Conventional policies have not adequately tackled the problem of employment instability. Worse, unemployment is often a policy goal in the fight against inflation despite the availability of more appropriate tools. Around the world, persistent unemployment and precarious employment remain beyond the control of working people. The social and economic costs are large and already borne by governments, families, and communities. States have the means and obligation to create decent work for all. These core principles motivate the job guarantee proposal.
Public service employment: A path to full employment
L. Randall Wray, Flavia Dantas, Scott Fullwiler, Pavlina R. Tcherneva, and Stephanie A. Kelton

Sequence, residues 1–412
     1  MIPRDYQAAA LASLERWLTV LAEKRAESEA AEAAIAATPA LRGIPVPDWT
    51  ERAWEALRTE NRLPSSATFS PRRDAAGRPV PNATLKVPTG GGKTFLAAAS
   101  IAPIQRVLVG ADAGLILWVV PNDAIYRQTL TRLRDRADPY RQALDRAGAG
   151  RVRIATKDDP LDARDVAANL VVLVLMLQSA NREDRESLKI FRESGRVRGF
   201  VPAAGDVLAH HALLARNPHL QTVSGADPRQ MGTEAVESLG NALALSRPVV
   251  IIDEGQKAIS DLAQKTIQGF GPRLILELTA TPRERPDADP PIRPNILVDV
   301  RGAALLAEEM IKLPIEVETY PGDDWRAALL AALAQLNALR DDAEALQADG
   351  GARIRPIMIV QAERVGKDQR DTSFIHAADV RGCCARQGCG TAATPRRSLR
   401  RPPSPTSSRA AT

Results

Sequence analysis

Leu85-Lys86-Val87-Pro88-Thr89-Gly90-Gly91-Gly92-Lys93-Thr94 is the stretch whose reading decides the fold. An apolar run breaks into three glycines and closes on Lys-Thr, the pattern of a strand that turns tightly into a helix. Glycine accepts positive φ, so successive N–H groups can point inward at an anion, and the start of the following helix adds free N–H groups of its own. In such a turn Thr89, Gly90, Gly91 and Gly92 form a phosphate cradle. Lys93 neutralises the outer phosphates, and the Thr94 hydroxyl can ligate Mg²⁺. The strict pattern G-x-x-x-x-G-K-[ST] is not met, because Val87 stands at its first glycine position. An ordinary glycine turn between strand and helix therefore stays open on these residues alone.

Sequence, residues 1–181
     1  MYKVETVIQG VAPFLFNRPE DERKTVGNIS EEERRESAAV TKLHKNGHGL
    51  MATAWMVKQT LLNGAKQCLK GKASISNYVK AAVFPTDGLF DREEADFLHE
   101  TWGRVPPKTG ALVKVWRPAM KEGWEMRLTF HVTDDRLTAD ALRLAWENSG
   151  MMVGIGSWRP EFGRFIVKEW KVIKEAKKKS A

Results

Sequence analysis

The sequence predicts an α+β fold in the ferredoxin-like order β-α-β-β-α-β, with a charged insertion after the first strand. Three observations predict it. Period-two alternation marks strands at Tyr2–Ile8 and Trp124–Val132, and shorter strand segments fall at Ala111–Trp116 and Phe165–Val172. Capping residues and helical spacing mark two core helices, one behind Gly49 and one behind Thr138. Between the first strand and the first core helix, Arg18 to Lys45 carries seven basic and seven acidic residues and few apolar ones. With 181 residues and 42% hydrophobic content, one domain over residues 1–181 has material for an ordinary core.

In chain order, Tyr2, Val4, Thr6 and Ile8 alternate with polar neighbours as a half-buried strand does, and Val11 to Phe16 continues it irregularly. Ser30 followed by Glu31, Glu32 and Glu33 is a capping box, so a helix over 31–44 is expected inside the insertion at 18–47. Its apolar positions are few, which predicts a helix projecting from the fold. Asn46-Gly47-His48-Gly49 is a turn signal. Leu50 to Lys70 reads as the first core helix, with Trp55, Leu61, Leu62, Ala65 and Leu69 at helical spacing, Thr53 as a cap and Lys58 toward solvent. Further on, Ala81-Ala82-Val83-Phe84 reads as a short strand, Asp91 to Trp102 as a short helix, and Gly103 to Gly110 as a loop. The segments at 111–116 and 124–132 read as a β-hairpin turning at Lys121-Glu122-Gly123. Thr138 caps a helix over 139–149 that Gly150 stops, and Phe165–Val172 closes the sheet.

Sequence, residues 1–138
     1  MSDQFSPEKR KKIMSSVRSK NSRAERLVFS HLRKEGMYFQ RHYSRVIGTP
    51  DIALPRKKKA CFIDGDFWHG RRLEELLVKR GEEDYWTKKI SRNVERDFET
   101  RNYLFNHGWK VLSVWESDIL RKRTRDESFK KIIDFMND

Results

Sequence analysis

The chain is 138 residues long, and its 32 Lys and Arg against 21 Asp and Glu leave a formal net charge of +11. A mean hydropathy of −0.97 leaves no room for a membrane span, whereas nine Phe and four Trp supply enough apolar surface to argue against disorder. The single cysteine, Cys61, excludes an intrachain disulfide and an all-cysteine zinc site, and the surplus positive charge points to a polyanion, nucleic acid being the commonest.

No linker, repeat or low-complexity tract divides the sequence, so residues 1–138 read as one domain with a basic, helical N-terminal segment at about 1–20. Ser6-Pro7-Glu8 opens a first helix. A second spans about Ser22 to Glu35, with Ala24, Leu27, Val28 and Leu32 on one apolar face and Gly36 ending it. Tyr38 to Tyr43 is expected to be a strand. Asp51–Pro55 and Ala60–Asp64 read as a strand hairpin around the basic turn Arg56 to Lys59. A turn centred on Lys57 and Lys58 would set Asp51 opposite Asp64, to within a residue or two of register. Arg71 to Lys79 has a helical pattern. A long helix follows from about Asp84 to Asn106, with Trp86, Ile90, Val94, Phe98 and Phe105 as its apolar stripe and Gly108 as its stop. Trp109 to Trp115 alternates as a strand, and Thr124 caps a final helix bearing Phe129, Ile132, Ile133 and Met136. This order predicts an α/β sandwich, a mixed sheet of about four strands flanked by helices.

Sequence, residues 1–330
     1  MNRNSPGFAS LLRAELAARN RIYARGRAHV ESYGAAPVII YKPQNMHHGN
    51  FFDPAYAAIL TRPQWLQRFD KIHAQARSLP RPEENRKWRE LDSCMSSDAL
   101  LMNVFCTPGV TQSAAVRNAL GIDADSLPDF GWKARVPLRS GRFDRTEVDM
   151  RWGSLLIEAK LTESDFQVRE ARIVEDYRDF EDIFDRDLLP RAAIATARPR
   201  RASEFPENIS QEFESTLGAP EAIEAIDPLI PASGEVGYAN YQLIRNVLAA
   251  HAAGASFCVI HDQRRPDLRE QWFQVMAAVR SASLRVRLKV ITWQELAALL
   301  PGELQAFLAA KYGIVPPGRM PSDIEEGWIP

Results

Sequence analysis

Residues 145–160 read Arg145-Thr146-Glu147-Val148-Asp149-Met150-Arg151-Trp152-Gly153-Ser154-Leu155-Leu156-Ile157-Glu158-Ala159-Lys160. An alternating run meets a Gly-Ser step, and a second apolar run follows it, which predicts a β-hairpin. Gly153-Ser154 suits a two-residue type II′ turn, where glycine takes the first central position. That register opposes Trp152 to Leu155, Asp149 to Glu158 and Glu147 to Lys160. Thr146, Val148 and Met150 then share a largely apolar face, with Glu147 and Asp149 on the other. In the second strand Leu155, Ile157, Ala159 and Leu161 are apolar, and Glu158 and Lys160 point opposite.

Despite headline-grabbing reports of a healthy US labor market, millions of Americans remain unemployed and underemployed. It is a problem that plagues our economy in good times and in bad—there are never enough jobs available for all who want to work. The problem is most acute for women, youths, blacks, and Latinos, although research also finds a persistent lack of employment for large numbers of working-age men. This report asks a set of big questions: What if we sought to eliminate involuntary unemployment across all demographic groups and geographic regions, by directly creating jobs in the communities where they are needed through a federally funded Public Service Employment program? How could such a radical transformation of the labor market be implemented? What would it cost, and what would it mean for the US economy?